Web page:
Berries commonly star on lists of “brain-boosting” foods. As I’ve talked about before, there’s some evidence for the idea that berries can enhance cognitive functioning, although it’s not an open-and-shut case.
The latest study to examine the relationship between berries and brain functioning comes in liquid form – specifically, in the form of a 400 mL mixed-berry smoothie that study participants were asked to consume.
The smoothie was made of equal parts blueberry, strawberry, blackberry and raspberry. These berries contain high levels of flavonoids, compounds that have been suggested as a possible link between berry consumption and brain health.
In the study, 20 adults between ages 20 and 30 were given such smoothies, and 20 other adults were given placebos. All the study participants then took cognitive tests every two hours for the next six hours.
The mixed berry concoction apparently had a beneficial effect on cognitive endurance. While participants who received the placebo saw their performance on the tests trail off as they became cognitively fatigued over the course of the six hours, the smoothie drinkers saw no such decline in their mental sharpness. The smoothie-drinking group also showed quicker reaction times on several of the tests.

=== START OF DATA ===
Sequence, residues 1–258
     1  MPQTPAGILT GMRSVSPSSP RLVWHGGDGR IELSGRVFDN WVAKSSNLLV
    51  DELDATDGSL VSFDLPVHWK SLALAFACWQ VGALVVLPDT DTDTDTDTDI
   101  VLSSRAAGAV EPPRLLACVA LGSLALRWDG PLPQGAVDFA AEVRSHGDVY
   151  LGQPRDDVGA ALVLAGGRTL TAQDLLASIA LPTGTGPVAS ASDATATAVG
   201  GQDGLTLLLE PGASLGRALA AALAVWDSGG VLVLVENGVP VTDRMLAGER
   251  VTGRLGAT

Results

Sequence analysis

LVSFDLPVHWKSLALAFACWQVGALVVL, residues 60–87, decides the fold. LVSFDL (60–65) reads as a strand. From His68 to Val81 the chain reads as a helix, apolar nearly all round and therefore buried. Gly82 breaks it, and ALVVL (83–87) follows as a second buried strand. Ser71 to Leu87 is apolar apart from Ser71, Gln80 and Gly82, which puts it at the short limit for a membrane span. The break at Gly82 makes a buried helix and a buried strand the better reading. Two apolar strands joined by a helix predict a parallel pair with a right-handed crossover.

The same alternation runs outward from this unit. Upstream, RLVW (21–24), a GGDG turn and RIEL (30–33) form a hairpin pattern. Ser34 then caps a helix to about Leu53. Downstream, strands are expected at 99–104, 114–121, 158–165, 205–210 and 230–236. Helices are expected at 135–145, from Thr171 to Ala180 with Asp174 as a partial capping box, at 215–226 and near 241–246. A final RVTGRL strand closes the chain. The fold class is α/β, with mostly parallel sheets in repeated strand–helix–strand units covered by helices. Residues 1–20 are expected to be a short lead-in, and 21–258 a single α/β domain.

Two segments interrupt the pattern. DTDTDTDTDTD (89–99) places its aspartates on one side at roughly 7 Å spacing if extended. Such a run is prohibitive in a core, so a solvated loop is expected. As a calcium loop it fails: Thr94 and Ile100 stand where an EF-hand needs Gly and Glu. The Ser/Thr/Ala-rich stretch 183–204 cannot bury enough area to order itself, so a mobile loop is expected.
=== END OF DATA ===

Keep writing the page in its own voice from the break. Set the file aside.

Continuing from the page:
According to authors of the study, it may be that the short-term cognitive benefits of berry consumption are most evident when people are cognitively fatigued. These results do have to be placed in the context of previous studies I mentioned at the beginning of this article, which have generally but not unequivocally suggested that berry consumption is good for cognitive performance.
The good news is that, in any case, you’re unlikely to go wrong by downing a berry smoothie at lunch. And if the results of this study replicate, you might even keep your brain at peak performance into the late afternoon.